New research from the University of Notre Dame suggests that structures released by the infected cells may be used in tandem with antibiotics to boost the body’s immune system, helping fight off the disease.
A new tool may allow researchers to see more of the physiological state of living organisms at the cellular level, according to a study by the University of Notre Dame. Published in Development, the study shows how an open-source application, created by Notre Dame researchers, can utilize two different conventional microscope images obtained at low excitation powers to create one high-resolution, three-dimensional image.
New research from Notre Dame could lead to regenerative therapies for people with injuries to their brachial plexus, a group of nerves that starts at the spinal cord and goes into the arm.
Notre Dame will lead a five-year program to determine the efficacy of a spatial repellent product in preventing mosquito-borne diseases such as malaria, dengue and Chikungunya.
Alex Perkins, Eck Family Assistant Professor of Biological Sciences, and Sean Moore, research assistant professor of biological sciences, have been accepted to join the Vaccine Impact Modeling Consortium. The consortium “aims to deliver a more sustainable, efficient, and transparent approach to generating disease burden and vaccine impact estimates.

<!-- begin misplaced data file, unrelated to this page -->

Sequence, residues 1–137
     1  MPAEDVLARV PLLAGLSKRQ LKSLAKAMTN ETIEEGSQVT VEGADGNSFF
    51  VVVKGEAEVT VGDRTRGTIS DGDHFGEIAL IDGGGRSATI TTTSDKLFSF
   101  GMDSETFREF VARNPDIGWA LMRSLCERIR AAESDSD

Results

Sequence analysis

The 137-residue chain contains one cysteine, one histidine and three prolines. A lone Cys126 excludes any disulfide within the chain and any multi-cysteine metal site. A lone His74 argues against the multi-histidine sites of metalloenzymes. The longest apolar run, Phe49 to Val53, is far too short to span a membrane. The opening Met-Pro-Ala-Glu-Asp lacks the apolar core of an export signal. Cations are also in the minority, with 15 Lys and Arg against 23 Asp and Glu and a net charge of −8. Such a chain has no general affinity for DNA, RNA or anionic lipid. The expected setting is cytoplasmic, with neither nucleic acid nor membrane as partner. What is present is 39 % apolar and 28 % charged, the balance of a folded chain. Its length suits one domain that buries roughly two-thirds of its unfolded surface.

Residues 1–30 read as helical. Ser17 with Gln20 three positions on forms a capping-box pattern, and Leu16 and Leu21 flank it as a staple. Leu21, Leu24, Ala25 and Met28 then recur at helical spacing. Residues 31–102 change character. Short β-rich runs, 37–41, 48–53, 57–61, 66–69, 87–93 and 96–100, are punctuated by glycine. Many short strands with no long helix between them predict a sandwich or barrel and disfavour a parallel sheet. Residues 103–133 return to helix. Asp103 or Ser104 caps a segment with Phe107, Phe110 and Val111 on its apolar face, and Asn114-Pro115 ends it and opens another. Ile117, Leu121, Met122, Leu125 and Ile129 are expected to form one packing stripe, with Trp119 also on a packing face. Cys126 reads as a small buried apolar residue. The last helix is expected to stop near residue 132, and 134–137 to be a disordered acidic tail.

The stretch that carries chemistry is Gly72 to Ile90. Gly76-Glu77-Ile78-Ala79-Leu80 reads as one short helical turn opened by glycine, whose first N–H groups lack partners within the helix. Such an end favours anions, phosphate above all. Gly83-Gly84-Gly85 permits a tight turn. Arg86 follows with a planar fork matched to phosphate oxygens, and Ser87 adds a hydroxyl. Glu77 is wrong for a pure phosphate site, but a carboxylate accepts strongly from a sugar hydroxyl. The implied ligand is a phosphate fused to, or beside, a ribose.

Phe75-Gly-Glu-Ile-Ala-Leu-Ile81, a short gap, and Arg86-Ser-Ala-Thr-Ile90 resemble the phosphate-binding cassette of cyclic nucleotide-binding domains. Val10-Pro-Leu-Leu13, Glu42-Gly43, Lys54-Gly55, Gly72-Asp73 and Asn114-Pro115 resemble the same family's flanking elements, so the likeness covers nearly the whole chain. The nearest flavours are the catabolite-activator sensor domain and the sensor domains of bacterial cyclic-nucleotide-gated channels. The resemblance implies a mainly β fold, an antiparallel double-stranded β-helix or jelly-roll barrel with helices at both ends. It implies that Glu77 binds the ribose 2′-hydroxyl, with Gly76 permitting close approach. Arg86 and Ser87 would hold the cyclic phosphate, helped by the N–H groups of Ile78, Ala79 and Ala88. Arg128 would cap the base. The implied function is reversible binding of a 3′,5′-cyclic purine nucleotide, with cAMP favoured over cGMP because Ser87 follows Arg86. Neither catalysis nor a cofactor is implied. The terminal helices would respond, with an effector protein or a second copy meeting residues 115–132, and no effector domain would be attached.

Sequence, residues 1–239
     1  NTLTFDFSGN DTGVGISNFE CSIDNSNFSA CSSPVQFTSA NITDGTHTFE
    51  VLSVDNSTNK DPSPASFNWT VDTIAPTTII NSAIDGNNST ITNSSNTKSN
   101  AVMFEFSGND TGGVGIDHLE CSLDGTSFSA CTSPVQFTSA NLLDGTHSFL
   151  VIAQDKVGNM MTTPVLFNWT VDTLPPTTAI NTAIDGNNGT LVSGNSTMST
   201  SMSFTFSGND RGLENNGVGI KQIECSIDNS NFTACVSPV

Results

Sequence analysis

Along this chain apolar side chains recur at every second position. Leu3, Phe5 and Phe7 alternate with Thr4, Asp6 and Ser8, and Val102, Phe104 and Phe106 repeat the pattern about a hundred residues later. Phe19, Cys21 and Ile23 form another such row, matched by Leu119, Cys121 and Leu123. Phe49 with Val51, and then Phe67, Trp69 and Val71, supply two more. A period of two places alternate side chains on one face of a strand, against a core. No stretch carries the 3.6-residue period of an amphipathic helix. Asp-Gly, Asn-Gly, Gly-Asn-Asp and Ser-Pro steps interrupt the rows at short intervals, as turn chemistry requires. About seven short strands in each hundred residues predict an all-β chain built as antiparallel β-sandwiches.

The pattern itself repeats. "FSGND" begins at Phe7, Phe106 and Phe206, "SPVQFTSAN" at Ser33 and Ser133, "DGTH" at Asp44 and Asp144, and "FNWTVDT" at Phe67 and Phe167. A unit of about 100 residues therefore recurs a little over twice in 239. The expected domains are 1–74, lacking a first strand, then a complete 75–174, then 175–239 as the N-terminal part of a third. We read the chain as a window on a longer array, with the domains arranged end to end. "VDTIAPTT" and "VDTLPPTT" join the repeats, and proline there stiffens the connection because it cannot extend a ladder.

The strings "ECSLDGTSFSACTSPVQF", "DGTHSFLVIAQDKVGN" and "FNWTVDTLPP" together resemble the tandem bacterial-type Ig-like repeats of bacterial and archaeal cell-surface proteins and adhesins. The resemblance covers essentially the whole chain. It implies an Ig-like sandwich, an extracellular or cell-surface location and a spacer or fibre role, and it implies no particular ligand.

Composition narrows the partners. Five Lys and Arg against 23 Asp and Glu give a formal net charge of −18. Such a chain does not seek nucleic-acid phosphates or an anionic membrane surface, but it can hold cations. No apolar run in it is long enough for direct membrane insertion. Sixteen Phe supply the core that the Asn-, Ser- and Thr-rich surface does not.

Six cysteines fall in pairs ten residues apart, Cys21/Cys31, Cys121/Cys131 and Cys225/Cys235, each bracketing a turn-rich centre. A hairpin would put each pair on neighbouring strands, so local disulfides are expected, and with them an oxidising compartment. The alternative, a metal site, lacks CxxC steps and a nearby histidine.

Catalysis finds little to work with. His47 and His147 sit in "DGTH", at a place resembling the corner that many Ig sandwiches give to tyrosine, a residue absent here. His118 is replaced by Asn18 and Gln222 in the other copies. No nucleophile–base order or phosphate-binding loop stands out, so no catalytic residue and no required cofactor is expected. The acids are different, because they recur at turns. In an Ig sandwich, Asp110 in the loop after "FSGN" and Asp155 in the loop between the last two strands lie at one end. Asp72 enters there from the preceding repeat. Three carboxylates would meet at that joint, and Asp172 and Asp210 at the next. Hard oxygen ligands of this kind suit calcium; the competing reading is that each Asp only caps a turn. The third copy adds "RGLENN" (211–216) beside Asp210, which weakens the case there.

Sixteen faculty members from the University of Notre Dame have been awarded funding from the University’s Science of Wellness Initiative’s Catalyst Seed Grant program. Nearly 100 pre-proposals were submitted and faculty from five different colleges and schools received awards.
Siyuan Zhang, the Dee Associate Professor of Biological Sciences who is also affiliated with the Harper Cancer Research Institute, landed a nearly $1.1 million Breast Cancer Research Program Breakthrough Award through the Department of Defense in August.